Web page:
BUSINESS leaders have so little faith in SNP ministers knowing the answers on EU membership after independence that they have called on the UK government to provide clarity, it emerged yesterday.
The head of Scottish Financial Enterprise (SFE), which represents the country’s top banking and insurance giants, said information from the Scottish Government was “aimed at persuading” Scots to vote Yes, rather than providing conclusive answers.
SFE chief executive Owen Kelly, whose members include RBS, The Clydesdale Bank, Bank of Scotland and HSBC, admitted firms were in the dark about many issues surrounding the potential impact of independence, like regulation and who would step in to save Scottish institutions in the event of another banking crash.
“I’m not sure, as I said before, that we do think the Scottish Government will provide the authoritative voice on many of these questions,” he told the Lords economic affairs committee in Edinburgh yesterday.
“So, one thinks about the news of the past couple of days and the question of terms of membership of the European Union – now the debate there is, among many other things, about whether Scotland, if it became independent, would it inherit the UK [euro] opt-out – and that’s a big thing for our industry.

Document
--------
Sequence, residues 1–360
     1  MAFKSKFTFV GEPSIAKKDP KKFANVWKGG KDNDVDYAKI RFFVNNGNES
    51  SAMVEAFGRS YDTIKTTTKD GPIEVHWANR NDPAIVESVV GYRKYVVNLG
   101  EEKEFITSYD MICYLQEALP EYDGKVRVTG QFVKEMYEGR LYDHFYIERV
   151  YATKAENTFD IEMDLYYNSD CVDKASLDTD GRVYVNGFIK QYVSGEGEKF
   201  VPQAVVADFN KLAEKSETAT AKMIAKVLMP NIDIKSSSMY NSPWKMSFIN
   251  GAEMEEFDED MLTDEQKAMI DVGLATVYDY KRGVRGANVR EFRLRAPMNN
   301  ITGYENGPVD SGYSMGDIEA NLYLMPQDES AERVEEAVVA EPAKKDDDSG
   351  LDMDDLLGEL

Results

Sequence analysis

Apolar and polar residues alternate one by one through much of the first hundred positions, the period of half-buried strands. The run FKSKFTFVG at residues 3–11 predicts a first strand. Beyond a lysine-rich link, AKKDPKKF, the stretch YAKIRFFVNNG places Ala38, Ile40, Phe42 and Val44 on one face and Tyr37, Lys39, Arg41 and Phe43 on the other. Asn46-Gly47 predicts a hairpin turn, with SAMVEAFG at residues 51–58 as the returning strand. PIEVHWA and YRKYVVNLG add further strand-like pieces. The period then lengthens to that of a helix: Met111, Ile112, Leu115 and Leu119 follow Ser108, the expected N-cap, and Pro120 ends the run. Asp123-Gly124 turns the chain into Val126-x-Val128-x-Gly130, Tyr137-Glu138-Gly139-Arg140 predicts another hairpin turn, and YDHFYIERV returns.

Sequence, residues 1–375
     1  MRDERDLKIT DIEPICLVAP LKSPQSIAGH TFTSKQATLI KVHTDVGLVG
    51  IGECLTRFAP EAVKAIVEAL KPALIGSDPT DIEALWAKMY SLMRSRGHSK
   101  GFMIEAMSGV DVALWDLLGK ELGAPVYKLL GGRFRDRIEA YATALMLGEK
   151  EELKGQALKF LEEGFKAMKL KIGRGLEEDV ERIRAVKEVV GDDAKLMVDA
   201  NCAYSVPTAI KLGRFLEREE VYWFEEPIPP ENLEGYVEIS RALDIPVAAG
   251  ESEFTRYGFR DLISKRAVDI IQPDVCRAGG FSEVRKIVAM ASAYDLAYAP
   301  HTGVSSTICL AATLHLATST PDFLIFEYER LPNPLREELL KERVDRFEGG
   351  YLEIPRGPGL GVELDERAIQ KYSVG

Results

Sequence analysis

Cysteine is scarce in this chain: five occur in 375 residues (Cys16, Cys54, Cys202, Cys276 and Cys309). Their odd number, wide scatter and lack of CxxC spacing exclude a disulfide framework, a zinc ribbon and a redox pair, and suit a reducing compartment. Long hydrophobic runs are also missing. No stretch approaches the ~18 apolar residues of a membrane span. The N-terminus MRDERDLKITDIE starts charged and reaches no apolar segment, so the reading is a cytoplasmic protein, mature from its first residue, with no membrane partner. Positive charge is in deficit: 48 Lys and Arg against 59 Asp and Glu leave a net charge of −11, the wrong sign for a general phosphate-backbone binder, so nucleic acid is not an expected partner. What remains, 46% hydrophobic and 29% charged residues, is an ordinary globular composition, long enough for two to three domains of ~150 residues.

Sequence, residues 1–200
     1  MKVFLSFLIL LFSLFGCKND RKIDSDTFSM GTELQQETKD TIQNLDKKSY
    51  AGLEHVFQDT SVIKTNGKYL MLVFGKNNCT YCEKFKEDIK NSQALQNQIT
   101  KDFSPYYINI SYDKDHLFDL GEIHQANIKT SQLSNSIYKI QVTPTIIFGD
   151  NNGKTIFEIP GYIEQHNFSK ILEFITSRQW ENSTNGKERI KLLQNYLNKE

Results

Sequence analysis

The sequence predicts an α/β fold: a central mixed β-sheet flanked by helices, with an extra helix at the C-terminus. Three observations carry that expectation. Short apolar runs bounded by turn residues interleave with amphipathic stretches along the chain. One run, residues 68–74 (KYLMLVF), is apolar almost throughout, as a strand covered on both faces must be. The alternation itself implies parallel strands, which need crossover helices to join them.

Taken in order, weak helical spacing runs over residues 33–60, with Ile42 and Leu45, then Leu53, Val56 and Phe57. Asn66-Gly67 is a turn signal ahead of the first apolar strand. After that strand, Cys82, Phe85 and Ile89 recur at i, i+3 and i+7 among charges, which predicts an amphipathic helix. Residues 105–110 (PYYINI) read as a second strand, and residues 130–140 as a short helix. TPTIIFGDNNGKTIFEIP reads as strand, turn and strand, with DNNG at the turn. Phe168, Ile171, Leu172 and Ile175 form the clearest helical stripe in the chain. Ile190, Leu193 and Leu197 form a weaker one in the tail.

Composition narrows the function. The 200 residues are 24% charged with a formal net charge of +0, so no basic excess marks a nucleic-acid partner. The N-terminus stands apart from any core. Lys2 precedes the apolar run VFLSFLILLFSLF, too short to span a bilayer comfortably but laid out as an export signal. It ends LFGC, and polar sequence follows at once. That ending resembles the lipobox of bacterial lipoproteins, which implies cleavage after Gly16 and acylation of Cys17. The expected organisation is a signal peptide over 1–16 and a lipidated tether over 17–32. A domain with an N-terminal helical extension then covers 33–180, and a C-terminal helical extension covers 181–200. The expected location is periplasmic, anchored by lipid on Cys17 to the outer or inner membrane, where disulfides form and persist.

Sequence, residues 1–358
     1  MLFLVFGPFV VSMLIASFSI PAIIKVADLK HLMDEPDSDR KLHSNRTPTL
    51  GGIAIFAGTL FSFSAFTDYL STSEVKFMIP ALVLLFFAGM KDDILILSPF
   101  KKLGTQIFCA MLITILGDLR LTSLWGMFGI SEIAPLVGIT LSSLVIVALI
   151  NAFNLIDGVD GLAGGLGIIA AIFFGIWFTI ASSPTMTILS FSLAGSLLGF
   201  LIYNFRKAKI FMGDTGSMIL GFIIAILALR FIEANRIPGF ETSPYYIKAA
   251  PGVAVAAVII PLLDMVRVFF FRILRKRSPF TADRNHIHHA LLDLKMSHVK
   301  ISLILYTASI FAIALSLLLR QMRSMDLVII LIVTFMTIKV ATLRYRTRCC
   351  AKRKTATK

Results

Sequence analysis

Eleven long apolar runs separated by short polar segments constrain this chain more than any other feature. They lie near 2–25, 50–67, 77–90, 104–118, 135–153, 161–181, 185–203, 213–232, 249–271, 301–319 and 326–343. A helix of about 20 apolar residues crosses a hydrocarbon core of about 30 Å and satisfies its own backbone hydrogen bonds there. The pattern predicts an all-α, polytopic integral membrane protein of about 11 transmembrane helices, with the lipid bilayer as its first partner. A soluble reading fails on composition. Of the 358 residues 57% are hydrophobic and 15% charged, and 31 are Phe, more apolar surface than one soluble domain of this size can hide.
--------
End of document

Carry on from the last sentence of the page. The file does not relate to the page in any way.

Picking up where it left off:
“It seems to me that the authoritative voice on that will be the member states of the European Union. I’ve put it to UK ministers that they might engineer a way of obtaining a clear steer from the authoritative voice.
“The Scottish Government, it seems to me – and I venture this on a personal basis – they are clearly wholly committed to winning a referendum. So whatever they say, one has to see it in that context – it’s aimed at persuading and I think they might agree with that.
“It’s aimed at persuading, rather than providing a conclusive, authoritative conclusion. That can only come, it seems to me, from the EU and, on some issues, the United Kingdom.
“I would probably reject the thought that we’re waiting on the Scottish Government to tell us anything – because I struggle to see how they have the authority to tell us anything.”
Finance secretary John Swinney has indicated previously that financial services firms in an independent Scotland could continue to be regulated by UK watchdogs.
Mr Kelly said: “We think it’s pretty clear under the European regulatory framework that you do need to have a financial regulator, so we now have some work in hand to try and figure out what would mean in practice.”
The Scottish Government has pledged to publish a macro-economic framework before Christmas, which is expected to explain how a “lender of last resort” which would face the burden of banking bailouts in the event of another crash. The SNP has indicated it wants to stay with the Bank of England
But Mr Kelly, who insisted SFE was neutral on the issue of independence, added: “I’m not sure that we could see their propositions as a conclusive answer to that. That can only come from some sort of discussion with the UK authorities.”
The committee had earlier heard from former Labour chancellor Alistair Darling, who led the call for businesses to speak up: “There’s no point keeping quiet then saying ‘I wish I’d said something’. That will not do.”